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Can you object to custody relocation?

Many Ohio residents face custody terms that can teeter on the edge of agreeable. You may find yourself among this group and have to contend with custody issues due to getting a divorce or other circumstances. While you may have become used to the arrangements over time and feel that you and your children have made the most out of the circumstances and the time you have together, you may also feel somewhat concerned if the other parent broaches the subject of moving away with the children.

Custody relocation happens for a variety of reasons. The other parent may have gained employment in a new area or state or family issues may have presented themselves that require the parent to move in order to provide care for a loved one. No matter the reason for the desired move, you and the custodial parent both have legal steps to take in order for a move to occur.

Consent

In some cases, at the time the custody arrangements were drafted, the parents may have included a clause that gave express consent from the non-custodial parent to the custodial parent to move. However, you may not have given such consent, and therefore, the custodial parent must give notice to you about his or her intention to relocate. At this time, you could potentially give your consent if you desire.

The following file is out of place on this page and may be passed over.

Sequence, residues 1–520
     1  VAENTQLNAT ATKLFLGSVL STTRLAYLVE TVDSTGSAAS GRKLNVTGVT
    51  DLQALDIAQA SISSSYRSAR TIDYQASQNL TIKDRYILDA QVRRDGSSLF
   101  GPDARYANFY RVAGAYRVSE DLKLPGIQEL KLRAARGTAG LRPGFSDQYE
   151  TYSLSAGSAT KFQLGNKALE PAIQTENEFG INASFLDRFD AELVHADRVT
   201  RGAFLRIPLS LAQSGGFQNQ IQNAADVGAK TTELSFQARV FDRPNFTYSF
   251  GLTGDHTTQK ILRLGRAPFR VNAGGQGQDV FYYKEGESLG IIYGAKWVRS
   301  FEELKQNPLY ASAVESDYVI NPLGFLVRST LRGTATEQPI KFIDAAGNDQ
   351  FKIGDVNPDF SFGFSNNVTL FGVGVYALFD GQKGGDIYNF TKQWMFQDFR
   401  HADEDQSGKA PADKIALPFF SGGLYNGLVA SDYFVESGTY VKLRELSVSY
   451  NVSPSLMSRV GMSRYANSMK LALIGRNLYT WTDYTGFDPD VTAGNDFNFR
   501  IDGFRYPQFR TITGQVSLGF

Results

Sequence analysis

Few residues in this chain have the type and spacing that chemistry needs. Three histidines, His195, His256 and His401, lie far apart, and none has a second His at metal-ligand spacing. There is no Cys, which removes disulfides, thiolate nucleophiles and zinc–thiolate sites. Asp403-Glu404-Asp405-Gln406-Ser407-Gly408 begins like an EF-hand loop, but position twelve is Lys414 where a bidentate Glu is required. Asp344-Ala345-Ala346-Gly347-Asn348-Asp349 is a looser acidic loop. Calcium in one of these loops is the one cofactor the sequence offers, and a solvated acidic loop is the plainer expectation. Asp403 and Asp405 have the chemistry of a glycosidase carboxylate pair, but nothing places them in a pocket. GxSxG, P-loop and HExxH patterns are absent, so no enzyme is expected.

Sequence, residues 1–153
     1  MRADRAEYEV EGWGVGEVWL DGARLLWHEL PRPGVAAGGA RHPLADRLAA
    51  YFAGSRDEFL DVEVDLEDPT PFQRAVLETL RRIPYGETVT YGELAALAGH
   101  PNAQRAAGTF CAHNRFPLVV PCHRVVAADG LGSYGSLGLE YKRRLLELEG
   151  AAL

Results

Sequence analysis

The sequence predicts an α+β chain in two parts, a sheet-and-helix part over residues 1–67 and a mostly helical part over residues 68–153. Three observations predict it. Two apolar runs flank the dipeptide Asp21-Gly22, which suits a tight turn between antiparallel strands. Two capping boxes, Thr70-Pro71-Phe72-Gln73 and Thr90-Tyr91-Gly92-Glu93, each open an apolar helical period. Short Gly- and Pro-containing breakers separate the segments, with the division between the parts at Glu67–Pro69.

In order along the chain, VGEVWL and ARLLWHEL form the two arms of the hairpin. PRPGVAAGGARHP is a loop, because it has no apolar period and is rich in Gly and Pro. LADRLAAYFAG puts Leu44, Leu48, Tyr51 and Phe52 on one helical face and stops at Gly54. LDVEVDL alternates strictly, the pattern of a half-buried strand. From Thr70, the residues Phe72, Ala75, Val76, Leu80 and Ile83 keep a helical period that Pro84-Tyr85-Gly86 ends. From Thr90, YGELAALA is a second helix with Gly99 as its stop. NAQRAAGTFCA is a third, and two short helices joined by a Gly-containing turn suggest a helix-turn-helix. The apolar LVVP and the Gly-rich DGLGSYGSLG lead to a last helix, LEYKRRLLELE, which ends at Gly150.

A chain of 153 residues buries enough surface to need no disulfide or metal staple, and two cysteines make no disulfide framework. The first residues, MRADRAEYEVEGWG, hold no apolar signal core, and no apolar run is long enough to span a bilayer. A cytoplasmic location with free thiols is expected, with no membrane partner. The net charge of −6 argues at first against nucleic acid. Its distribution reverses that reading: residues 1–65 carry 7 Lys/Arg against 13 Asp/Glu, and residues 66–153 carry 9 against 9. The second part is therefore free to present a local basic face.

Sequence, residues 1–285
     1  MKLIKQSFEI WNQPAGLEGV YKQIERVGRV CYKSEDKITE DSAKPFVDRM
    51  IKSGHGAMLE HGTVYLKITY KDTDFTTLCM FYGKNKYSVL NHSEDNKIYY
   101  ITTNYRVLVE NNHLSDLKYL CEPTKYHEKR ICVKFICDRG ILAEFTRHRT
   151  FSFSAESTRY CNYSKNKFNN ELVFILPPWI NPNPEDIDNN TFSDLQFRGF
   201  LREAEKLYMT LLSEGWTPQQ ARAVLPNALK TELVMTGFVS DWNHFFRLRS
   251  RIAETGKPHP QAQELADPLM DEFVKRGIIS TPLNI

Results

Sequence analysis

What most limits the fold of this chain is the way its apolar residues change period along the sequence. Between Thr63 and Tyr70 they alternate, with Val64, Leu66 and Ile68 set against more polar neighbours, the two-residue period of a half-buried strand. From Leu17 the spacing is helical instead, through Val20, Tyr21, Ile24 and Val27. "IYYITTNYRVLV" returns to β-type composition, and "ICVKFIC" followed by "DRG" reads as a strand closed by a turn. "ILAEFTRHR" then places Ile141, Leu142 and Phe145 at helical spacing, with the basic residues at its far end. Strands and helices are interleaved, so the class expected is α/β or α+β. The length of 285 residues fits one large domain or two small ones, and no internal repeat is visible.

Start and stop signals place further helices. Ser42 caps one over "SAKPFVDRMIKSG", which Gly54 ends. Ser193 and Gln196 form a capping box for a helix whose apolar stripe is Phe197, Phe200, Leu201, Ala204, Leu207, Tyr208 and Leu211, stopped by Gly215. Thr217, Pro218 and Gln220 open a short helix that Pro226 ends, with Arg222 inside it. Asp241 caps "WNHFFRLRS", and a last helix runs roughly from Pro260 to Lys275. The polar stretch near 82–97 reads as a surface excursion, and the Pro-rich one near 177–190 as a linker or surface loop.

Objection

If you do not want the other parent to relocate with your children, you may file a legal objection with the court. By doing so, you will begin the legal process for the court to determine whether the relocation will act in the best interests of the children. A variety of factors may go into consideration during this time, including:

  • The distance the move would put between the children and non-custodial parent
  • The reason for the move
  • The effects the move will have on the children in areas such as family connections and schooling

If the court has concerns over whether the relocation would have negative effects on the children, it could deny the request.

Reasons for relocation

The court may approve the relocation request if a good faith reason for the move exists. Reasons such as new a job offer, continuing education, family connections or better cost of living could all fall into this category.

If it appears that the custodial parent has no specific reason for wanting to move or simply wants to make custody arrangements more difficult on you, the court will likely deny the request. In order to ensure that you understand your legal rights and options, you may wish to obtain more information.

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